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April 2013

Post image for How much of your life are you selling off?

Note: This is a long post (3000 words) but it can easily save you years of your life, so take a lemonade break halfway through if you have to.

When I was a TV-watching child in the 1980s I’d see a lot of commercials for something called “Freedom 55.” It was a financial planning service, offered by a life insurance company, but at the time I didn’t know what any of those things were. I knew what retirement was though. I also knew that companies in commercials always try to make themselves sound as good as possible. So the message I took from those commercials was that age 55 was an ideal age to retire, a few years earlier than the norm.

That stuck in my mind as a pretty universal benchmark, throughout my gradeschool life and working life, and it was steadily reinforced by how the working adults around me talked about retirement. It was something for old people.

I pictured the typical career-fueled life as settling out into three distinct phases: pre-work, work, and post-work.

Pre-work lasts about 16-23 years, while you live off of your parents, student loans, or both.

Work, the longest phase, lasts about 40 years. During this time you earn an increasing amount, and so as you soldier on through these four decades, you can afford an increasingly rewarding lifestyle.

Once you are in this phase you also begin to save some of your income for the next phase. The gold standard benchmark here, culture taught me, was 10%. Save 10% of your income for retirement, beginning as early on in the work phase as is feasible for you, and you’re cruising. Almost everyone recognized this benchmark too, yet almost everyone described it as being hard to do. I found it hard.  Read More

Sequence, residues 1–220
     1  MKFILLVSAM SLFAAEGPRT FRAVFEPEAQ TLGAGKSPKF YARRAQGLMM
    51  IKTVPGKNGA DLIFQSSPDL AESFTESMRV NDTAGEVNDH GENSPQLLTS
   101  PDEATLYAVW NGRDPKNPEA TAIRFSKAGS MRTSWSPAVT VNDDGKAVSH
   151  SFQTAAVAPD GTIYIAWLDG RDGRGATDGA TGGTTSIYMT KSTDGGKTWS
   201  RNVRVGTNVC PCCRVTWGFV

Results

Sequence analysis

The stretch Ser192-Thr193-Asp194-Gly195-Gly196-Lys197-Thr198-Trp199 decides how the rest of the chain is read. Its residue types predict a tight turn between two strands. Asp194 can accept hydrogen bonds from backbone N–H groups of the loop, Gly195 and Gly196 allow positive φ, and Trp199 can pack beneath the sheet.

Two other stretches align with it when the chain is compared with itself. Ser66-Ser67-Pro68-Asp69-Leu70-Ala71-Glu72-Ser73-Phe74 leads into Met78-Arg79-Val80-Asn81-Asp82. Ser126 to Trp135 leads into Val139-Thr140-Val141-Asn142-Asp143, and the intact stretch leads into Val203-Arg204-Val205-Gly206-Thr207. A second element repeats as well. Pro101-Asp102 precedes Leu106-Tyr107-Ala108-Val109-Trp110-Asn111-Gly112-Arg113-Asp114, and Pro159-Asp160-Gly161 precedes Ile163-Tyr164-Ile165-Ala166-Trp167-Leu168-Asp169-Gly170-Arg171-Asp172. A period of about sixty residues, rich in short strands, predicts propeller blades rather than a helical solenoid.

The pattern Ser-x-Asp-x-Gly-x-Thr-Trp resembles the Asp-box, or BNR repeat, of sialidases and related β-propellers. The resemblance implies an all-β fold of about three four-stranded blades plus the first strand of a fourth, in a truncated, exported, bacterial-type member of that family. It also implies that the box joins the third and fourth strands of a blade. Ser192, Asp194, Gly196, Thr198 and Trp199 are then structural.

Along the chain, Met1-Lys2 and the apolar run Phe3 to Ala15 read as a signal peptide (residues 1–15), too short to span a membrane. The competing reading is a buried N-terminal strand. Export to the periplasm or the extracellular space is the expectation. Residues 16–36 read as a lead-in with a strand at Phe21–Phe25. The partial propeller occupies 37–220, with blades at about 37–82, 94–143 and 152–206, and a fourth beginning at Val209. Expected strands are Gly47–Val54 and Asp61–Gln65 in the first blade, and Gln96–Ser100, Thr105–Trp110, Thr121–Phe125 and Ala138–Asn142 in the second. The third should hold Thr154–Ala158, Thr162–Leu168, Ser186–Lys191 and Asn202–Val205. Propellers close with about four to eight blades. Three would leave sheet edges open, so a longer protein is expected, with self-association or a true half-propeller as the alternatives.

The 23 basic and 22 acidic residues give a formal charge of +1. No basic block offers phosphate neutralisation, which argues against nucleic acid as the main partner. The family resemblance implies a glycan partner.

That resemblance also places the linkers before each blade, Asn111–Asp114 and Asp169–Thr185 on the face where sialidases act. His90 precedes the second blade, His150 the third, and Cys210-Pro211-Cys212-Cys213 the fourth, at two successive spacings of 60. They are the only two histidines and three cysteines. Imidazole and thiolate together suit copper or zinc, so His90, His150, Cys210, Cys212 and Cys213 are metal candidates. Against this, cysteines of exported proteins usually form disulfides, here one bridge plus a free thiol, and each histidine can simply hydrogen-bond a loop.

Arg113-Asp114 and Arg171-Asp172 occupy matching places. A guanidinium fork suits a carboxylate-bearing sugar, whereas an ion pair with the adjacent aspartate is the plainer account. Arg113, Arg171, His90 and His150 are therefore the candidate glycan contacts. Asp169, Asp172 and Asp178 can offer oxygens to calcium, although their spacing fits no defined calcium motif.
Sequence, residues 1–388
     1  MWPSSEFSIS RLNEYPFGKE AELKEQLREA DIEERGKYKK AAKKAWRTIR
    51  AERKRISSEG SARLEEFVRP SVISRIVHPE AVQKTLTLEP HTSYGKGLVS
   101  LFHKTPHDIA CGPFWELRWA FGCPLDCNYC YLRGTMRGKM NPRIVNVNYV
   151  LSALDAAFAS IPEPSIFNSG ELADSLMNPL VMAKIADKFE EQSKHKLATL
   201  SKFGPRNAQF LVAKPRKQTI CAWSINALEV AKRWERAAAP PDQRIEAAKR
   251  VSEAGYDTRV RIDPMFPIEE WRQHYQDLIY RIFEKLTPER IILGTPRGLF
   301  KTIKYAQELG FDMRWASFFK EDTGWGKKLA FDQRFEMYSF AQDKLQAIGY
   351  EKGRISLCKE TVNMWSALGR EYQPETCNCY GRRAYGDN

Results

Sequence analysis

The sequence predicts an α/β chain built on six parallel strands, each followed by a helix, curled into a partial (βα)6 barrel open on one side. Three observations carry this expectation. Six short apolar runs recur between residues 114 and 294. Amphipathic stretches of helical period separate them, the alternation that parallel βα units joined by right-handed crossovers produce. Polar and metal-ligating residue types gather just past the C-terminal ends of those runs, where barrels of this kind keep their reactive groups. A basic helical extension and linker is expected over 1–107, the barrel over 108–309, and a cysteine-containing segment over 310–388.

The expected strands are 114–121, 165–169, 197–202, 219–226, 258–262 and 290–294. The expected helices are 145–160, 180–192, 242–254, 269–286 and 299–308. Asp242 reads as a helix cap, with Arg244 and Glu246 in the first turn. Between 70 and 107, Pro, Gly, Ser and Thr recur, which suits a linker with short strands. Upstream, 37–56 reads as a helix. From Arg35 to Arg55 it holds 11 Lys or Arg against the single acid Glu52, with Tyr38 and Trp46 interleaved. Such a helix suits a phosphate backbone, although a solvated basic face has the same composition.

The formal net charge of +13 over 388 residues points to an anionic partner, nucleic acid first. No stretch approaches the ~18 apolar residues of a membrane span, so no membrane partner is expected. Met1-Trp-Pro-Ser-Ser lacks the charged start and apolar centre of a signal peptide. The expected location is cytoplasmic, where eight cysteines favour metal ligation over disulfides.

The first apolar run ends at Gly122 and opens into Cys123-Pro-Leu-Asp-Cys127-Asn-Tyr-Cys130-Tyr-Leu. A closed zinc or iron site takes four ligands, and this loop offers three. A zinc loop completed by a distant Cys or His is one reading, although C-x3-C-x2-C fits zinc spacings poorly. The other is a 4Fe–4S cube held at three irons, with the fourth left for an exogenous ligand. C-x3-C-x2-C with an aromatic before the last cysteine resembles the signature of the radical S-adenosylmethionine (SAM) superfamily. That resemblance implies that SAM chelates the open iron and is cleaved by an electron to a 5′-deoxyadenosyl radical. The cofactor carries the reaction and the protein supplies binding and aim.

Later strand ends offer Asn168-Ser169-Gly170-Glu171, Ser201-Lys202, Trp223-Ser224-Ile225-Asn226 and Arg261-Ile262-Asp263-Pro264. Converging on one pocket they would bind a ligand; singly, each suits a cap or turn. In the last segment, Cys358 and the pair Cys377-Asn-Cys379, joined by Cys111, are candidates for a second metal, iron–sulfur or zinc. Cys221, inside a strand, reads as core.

Post image for Honesty can be pretty damn rude

Lying is regular a part of being polite.

Long-time readers know that I don’t accept guest posts here, other than two or three by-invite exceptions. But I get requests all the time and I try to turn people down graciously.

Even though a lot of them are probably mass-mailing their submissions, I reason that in each case there may be a sensitive and hopeful person reading my response, and I don’t want to hurt them by being cold. So when I reject their offer, I add a lie. I tell them I am afraid.

“I’m afraid I do not accept guest posts on Raptitude.”

“I do not accept guest posts on Raptitude,” sounds too unsympathetic I guess, so some ridiculous habit has me claiming that this fact actually scares me, so the submitter knows I find my own policy as unforgiving and insensitive as they do.

Our language customs are full of these kinds of insulators. The truth, in very many cases, is just too brutal or embarassing to state as a fact, so we add in little fictions.

“Hello, Mr Smith, I was just wondering if I could borrow your pickup truck Saturday afternoon.”

In my culture, it’s normal to be afraid to even ask, “May I borrow your truck?” So you phone Mr Smith not to ask anything of him, but just to declare to him something you’ve been wondering about. Presumably, you believe he is the type of person who may find it interesting to know what topics you’ve been pondering recently, so you phoned to let him know. Perhaps he will then have the idea to offer you the truck, so that you no longer need to continue to wonder if it is possible that you could borrow it Saturday afternoon.